Why did you choose MF?
I think I'm going to purchase a 6x6 MF (Hasselblad 503CW) this week, though I'm a tad nervous at the investment (I feel a bit too inexperienced to own a MF). I am wondering why y'all chose MF for yourelves?
Thanks! I am so looking forward to the replies ...
Bigger negative, pure and simple.
Interesting question. I was in one of those 'moods' shall we say. I looked at my life at the ripe old age of 30 and wondered where all my talents had gone. At that time I was a very corporate person and was quite successful at it too.
Originally Posted by PamelaHL
But I had 'lost' all my artistic abilities. I used to play the sax, so I went out and bought a sax and now I play every now and then at local places. I used to be quite a potter, so I now I go at least once a week and create tea pots and bowls and mugs for my friends and family - and my reports at work for their Christmas gifts, birthday gifts, etc.. and my admin for her special days - like her wedding for example. I was quite the athlete too and got back into the sports I liked - and others I never tried like SCUBA.
And I use to take pictures - a lot. When I was 12 my dad gave me a Pentax ME for my birthday. I used to take pics for the school paper and university I freelanced for local papers. So 8 years after university I wondered, where did my passion for photography, like all my other passions go? Surely the corporate world didn't suck all that up?
So I cleaned up my Nikon F4e, bought a new 28-70mm zoom for it, and then went to Calumet in Chicago one day to get a polarizer filter. Well, passing by the Hasselblad display and seeing the 'toys' made me wonder. Looking through the display model and holding that wonderful piece of engineering in my hands, sealed the deal for that sales guy.
The square format has unlocked my passion again. I just love taking pics with my Hassey. Add to that my rediscovery of films, like Scala and infra-red and my new style of photographing beautiful women - you could say I was hooked.
Good questions are hard to answer easily. Every camera format has its charms. Years ago I used to have a Mamiya 645 and sold it/ traded it in for a Leica M. Never regretted it but.....not so long ago I dug out the old 120 negs again and found they were easy to print. Also the subjects I took pictures of were different..as if more thinking had got into them. MF slows you down a bit and that can be a good thing in certain situations.
Drawbacks? Yes, plenty: more weight, you'll have to have a handheld meter etc. Anyway I acquired a Pentax 645 and glad I did.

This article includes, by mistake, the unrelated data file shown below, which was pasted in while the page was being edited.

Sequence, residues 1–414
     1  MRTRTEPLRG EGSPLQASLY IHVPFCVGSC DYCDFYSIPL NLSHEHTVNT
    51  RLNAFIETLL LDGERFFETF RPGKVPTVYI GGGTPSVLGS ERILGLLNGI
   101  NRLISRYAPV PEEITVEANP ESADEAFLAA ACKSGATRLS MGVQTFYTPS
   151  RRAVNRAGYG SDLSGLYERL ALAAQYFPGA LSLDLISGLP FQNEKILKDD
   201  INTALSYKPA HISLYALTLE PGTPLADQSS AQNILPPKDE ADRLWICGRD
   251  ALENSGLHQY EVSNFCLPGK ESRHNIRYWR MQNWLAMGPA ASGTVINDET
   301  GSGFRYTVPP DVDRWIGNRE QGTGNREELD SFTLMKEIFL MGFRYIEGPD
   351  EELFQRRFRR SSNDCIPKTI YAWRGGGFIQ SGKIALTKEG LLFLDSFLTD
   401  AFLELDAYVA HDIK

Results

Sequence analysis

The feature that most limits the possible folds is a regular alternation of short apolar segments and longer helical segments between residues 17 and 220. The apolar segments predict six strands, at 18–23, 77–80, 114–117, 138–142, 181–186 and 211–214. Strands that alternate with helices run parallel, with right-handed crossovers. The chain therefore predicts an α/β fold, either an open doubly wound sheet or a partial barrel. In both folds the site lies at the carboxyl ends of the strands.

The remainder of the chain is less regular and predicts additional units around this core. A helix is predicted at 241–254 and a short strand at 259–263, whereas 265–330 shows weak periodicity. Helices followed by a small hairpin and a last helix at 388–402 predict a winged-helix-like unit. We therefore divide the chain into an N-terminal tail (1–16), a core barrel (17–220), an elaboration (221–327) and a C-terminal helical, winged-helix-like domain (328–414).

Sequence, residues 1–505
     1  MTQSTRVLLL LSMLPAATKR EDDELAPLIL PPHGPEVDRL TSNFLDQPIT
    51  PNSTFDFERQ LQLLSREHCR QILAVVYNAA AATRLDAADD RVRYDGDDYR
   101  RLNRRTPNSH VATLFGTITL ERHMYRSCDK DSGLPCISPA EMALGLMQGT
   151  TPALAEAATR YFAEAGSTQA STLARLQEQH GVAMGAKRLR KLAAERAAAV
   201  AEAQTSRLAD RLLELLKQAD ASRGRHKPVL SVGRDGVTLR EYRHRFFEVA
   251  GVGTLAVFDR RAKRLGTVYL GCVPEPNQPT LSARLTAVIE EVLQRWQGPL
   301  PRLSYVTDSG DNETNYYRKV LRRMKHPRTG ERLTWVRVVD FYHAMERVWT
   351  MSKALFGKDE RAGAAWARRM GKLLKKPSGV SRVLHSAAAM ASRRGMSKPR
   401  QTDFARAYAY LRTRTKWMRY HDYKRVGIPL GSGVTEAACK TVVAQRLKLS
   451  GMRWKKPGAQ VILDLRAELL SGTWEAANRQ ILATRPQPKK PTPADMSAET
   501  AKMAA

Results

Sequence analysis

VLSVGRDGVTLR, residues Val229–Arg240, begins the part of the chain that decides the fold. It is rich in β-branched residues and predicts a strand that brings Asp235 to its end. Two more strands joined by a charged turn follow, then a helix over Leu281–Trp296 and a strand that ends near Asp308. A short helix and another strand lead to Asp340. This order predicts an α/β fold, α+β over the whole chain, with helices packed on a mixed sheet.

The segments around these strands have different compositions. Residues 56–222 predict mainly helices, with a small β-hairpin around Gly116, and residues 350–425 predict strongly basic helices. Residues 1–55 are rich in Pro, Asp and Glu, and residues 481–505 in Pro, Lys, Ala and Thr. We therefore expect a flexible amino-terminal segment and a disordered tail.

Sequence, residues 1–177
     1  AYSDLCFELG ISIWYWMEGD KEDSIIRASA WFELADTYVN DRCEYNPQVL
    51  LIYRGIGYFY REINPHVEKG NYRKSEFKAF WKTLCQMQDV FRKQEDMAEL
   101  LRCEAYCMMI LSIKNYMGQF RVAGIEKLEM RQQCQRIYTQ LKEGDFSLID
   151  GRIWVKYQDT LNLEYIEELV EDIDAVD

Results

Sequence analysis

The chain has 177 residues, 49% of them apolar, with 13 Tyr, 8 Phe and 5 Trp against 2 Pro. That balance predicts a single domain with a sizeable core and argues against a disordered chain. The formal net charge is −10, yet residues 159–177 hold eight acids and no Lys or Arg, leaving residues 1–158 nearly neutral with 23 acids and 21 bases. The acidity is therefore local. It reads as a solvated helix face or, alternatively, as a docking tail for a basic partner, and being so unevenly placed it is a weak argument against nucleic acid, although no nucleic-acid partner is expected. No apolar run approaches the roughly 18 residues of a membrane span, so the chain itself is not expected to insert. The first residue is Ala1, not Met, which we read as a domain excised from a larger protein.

If you're nervous about the amount you are about to fork out...wait awhile..with the digital revolution in full frenzy all things analogue can only become cheaper.
Once you have really decided full-heartedly you won't regret it. Looking back will only land you on the shrink's couch anyway :-)
I bought one (Mamiya 645) on an auction site real cheap... Can't remember what made me bid, but am happy I did. My camera is a real beater but works and I've since added a couple of lenses, also cheap... I'd like a camera with changable backs so always on the lookout for something suitable (not Hassy though... can't afford the lenses!). The larger negs are much nicer to work with.
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Pamela, the basic reason for a MF is the image size and consequent increase in information recording capability that goes along with it.
If you are unsure about this purchase, consider renting a camera and trying it out that way.
Another less expensive way to "get your feet wet" is to buy a good used Hassleblad or a twin lens reflex (Yashica, Minolta, Rolleiflex, Rolleicord, etc). Bruce Barnbaum got into B&W photography with a Yashica TLR.
If you choose the "used" route, find a good, reliable MF camera repair person to check out any cameras you are interested in.
Everything is analog - even digital :D
I love the larger negatives. The thought of winding another 35mm roll onto one of those dang blasted *$^%#@& reels *&+#@$ kinks &%^$@$# doesn't fit right #%#@&^$ in the dark &$#^@#%& bends *%^@&&%$@ sticks together in the tank *^@$#^%$ hate them.
My Mamiya 7II feels like a pregnant 35mm to hold, but weighs nearly the same. I love it and the ease of using it. It doesn't have interchangeable backs, but to me that is the only down side of the camera.
Oh, yes no interchangeable back, the old story. Rubbish! Once you have found something interesting to take/make a picture of....what's a roll when things are rocking?
Bigger negative. Greater system versatility. I can go from 45mm to 300mm with my Pentax in a few seconds. This gives me a greatly enhanced range of angles and "looks" for my shot. I can also make 12 images in the time it would take to set up my 4x5 (even though I use a speed graphic). There are a few good reasons to use large format still (individual zone placement, large negative for alternative process) but with modern films medium format is the way to go otherwise.
I have to say pretty much the same as everyone else - bigger negative, easier to print. But what actually got me to make the jump was a friend placing a old Rollieflex in my hands and then when I looked down at the focusing screen, I was hooked!
Couldn't afford a Rollie so I got a Yashica MAt 124G. Shooting and printing those bigger negs was such a dream.
I now have a couple of Fuji rangefinders and love using them.
If you are tentative on the Hassy price, used Bronica SQ-A's are very affordable these days. Good luck with your decision.
Long live Ed "Big Daddy" Roth!!
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